As the Minister explained, under existing legislation, domestic abuse survivors must provide a court order or have their application supported by a senior independent witness, such as a high-ranking police officer, in order to appear anonymously on the electoral roll. These proposals will add doctors, nurses and refuge managers to the list of people who can be an attester and will lower the rank of police officers, from superintendent to inspector, authorised to perform that function.

It is vital that every eligible voter is able to participate in our democracy, which is why the Opposition very much welcome the proposals. I put on the record my thanks to Women’s Aid, which has been at the forefront of shaping and co-ordinating responses to domestic violence and abuse for more than 40 years, including this legislation. However, it is clear that the measures do not go far enough. Survivors still have to re-register to vote anonymously year on year, and those who move home often have to repeat their applications. For many survivors, anonymity is a matter of life or death, and women are often on the run from domestic abuse for the rest of their life.

We support Women’s Aid, which has called on the Government to use the Domestic Violence and Abuse Bill to pass legislative changes to make survivors’ anonymous voter registration valid indefinitely, so that they can vote in safety for life. Will the Minister outline the Government’s position on that proposal? What conversations has the Minister had with her colleagues in the Home Office about it? I recognise that she is new to her post, so that might take some time.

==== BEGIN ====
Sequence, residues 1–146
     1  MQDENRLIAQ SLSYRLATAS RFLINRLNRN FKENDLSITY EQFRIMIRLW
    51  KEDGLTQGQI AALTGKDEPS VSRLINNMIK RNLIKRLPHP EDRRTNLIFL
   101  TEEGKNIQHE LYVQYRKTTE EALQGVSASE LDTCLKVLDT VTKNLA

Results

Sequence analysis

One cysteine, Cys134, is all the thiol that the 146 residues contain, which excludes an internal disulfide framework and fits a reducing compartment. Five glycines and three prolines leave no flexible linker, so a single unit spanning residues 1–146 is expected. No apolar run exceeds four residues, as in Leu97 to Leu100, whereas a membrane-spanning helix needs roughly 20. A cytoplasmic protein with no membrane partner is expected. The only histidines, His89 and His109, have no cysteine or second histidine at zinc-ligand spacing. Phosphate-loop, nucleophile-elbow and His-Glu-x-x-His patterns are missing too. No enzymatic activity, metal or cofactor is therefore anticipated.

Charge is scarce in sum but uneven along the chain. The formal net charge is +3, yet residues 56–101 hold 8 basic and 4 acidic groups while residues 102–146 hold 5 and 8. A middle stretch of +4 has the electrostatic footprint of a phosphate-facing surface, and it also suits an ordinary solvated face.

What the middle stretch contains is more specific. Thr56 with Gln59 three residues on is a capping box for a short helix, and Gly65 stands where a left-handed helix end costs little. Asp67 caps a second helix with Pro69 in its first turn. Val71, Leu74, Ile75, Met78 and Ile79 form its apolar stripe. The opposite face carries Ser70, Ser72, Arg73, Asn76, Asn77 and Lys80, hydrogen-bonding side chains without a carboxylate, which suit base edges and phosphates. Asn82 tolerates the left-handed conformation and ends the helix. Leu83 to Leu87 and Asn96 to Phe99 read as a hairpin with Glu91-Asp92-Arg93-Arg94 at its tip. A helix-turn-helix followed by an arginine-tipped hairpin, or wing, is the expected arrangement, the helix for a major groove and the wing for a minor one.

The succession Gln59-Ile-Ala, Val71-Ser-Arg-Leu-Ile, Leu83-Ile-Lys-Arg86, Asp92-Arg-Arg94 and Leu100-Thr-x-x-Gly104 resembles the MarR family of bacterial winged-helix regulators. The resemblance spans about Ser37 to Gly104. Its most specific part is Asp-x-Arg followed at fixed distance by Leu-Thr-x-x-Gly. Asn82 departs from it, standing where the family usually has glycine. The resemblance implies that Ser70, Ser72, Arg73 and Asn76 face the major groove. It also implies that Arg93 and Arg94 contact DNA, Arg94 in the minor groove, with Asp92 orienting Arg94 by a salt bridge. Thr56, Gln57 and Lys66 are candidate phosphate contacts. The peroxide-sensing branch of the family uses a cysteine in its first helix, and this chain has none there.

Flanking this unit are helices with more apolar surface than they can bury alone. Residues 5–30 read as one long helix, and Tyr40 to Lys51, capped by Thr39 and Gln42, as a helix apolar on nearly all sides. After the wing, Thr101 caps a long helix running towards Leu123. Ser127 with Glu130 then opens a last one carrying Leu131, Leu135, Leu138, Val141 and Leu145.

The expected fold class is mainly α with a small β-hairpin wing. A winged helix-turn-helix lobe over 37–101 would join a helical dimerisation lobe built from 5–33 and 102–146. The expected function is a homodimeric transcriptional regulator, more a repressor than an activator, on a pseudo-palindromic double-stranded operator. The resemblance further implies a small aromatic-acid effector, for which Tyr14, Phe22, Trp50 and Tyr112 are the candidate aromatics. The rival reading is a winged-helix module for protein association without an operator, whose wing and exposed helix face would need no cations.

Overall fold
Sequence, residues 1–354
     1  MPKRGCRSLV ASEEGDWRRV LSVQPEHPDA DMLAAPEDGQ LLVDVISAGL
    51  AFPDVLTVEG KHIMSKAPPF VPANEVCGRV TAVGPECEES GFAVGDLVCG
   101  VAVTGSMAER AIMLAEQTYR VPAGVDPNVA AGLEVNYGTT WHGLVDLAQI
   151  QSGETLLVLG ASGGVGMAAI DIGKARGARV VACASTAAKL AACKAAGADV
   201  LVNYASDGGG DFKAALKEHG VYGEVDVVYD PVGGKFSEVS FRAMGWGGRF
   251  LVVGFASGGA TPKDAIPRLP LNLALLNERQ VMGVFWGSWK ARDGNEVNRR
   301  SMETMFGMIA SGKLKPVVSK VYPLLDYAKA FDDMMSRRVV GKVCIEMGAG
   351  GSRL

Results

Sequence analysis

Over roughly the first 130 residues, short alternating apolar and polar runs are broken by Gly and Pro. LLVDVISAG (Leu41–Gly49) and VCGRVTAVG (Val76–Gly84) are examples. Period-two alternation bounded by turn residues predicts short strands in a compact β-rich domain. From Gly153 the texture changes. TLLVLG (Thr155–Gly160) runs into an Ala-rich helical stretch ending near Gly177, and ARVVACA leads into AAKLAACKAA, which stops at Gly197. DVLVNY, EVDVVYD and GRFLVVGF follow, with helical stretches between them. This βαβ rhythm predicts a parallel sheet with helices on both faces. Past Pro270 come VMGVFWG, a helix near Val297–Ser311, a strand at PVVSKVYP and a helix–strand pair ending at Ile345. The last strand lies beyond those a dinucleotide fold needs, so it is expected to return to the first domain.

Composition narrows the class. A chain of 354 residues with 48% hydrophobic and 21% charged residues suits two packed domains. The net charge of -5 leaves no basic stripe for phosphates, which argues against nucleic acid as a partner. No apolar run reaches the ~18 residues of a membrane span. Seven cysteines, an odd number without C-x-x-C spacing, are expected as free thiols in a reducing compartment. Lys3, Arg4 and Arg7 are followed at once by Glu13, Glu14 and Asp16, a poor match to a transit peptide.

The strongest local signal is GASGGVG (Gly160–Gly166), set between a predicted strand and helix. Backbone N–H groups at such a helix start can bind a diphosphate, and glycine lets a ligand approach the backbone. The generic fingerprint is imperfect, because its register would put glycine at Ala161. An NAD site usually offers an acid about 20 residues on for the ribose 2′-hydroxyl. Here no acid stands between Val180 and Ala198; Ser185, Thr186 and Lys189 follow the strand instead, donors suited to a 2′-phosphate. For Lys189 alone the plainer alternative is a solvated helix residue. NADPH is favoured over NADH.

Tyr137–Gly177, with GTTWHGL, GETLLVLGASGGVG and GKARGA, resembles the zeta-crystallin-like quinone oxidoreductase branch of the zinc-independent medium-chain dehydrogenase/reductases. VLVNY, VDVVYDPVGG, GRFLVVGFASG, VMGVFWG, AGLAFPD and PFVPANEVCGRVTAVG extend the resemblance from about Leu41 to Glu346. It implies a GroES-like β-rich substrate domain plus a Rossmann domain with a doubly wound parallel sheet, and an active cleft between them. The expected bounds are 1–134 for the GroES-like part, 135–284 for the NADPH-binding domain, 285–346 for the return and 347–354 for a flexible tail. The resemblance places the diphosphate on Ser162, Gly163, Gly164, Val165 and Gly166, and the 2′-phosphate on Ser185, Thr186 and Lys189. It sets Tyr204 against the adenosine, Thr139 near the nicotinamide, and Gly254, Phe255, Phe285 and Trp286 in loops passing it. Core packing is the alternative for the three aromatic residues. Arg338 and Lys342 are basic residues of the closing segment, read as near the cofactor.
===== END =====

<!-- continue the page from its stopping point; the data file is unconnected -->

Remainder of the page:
I welcome the opportunity to put on record the technical reason why the draft regulations go as far as they do and not as far as some have publicly argued for. There are a number of reasons why the draft regulations do what they do, which is to extend the evidence basis, but not the amount of time for which a person can be on the register.

First—I suspect, technically, most importantly, although rather boringly—the provisions on yearly renewal are in primary legislation and cannot be addressed through secondary legislation. That is the straightforward reason why the draft regulations do what they do. I think the Committee will be aware that primary legislation space is somewhat limited in Parliament at present, and while I hope I have given the Committee a firm understanding of how important these matters are, we thought it better to do what we can in secondary legislation, rather than pinning everything on a piece of primary legislation.

I want to push my hon. Friend a little bit more, if I may. Is she saying that, in principle, if the Government were able to find the time—I appreciate that time is scarce at the moment—they would be interested in pursuing changes to primary legislation in order to make renewals a simpler, more up to date and altogether more streamlined process?